NPR is streaming the new Wilco album, The Whole Love this week.
On one hand, The Whole Love is Wilco’s most adventurous record in a decade. The band is back to playing with polyrhythms and structure, often abandoning typical verse-and-chorus lines for less linear and more surprising songs. But they also include cuts that would fit comfortably on some of the band’s earliest records. The Whole Love‘s seven-minute opener, “Art of Almost,” is an epic, sprawling, magnificently disjointed song full of strange textures and unexpected twists. But it’s followed by “I Might,” a candy-flavored pop song like something from 1999’s Summerteeth. In “Dawned on Me,” dark, thrashing guitars clash with delicate vocals and a lovely, hopeful melody. “Born Alone” is one of the catchiest songs Wilco has ever produced, while “Capitol City” has an almost goofy shuffle like something from an early Randy Newman record — not that there’s anything wrong with that. The Whole Love closes with “One Sunday Morning,” a moving 12-minute meditation on growing old and battling inner demons, the strained relationship between a father and son, and the weight of bitter regret.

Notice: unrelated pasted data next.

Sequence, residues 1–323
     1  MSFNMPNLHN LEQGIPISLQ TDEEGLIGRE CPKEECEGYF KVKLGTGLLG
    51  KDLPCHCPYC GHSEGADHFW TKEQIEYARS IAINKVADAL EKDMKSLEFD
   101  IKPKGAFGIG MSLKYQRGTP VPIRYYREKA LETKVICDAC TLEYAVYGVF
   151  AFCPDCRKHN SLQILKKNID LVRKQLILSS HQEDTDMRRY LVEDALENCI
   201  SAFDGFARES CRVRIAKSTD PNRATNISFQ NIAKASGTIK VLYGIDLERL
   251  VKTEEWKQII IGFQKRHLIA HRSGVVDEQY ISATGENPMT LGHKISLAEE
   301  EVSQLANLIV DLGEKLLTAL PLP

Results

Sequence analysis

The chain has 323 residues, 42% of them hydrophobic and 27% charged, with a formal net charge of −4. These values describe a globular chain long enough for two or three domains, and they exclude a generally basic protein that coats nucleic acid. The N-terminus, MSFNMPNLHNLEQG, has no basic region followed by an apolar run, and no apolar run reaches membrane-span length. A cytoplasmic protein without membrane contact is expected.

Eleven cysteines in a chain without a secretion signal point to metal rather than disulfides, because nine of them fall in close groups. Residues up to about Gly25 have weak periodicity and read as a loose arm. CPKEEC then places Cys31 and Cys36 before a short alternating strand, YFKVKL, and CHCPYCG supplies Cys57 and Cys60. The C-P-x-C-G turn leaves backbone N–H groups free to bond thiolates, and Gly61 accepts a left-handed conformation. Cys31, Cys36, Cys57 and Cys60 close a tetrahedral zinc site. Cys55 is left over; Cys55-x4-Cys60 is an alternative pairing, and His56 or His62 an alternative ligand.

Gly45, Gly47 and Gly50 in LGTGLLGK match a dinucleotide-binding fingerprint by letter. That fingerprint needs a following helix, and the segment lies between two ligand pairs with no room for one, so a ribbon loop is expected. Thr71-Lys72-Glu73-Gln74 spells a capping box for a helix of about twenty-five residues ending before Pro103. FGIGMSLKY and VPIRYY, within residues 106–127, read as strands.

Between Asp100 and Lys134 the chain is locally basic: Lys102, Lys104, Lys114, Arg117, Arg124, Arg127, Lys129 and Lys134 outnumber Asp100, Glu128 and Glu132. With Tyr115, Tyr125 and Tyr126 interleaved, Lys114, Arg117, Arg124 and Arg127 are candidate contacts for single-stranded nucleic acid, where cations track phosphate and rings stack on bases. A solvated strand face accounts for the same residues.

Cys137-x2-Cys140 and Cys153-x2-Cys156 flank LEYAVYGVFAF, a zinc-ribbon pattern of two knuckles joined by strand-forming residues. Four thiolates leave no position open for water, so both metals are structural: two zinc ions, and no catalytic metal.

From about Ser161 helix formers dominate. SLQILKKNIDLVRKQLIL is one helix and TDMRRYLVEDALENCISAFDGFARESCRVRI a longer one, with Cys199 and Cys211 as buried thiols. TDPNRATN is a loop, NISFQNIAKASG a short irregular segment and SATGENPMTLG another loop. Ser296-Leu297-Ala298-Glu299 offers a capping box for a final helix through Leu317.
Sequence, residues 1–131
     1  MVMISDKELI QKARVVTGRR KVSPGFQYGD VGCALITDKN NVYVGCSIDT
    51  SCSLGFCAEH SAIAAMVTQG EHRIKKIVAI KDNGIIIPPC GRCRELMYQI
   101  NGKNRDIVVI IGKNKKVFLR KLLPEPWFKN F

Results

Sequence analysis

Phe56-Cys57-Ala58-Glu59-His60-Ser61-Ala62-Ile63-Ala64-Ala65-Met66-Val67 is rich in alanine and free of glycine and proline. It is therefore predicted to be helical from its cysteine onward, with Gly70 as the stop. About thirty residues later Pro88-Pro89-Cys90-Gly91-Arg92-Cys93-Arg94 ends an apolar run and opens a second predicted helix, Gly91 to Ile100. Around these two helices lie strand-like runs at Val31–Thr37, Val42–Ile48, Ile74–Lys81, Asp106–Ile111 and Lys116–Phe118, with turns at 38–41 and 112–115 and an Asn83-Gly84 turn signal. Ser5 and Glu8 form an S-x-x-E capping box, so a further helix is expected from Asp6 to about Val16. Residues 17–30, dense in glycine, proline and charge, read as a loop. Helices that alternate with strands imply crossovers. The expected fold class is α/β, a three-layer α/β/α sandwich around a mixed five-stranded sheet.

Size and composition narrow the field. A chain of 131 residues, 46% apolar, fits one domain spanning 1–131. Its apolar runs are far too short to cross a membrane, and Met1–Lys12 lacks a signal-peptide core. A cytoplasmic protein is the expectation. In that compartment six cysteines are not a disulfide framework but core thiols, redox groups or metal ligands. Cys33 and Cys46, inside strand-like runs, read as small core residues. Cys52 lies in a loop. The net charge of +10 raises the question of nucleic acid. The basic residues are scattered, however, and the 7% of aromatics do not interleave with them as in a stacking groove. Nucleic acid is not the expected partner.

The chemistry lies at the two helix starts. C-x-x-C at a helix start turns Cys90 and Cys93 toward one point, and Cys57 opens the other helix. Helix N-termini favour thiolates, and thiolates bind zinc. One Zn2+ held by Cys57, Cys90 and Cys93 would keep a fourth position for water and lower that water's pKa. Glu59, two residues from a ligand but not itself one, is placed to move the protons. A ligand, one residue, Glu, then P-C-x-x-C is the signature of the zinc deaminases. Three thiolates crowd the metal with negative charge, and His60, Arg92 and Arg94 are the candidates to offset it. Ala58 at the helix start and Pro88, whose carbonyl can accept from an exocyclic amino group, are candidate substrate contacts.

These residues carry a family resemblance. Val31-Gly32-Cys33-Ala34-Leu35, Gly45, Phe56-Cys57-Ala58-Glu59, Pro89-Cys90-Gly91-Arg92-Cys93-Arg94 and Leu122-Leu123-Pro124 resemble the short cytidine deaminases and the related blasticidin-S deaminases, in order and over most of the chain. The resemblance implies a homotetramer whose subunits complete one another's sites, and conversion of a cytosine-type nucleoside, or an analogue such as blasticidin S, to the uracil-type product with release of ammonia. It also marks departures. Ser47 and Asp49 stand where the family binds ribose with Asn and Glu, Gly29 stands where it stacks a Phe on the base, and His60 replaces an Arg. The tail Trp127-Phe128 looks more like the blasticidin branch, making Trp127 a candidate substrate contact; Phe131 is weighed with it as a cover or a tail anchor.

Sounds good. Probably listen to it tonight.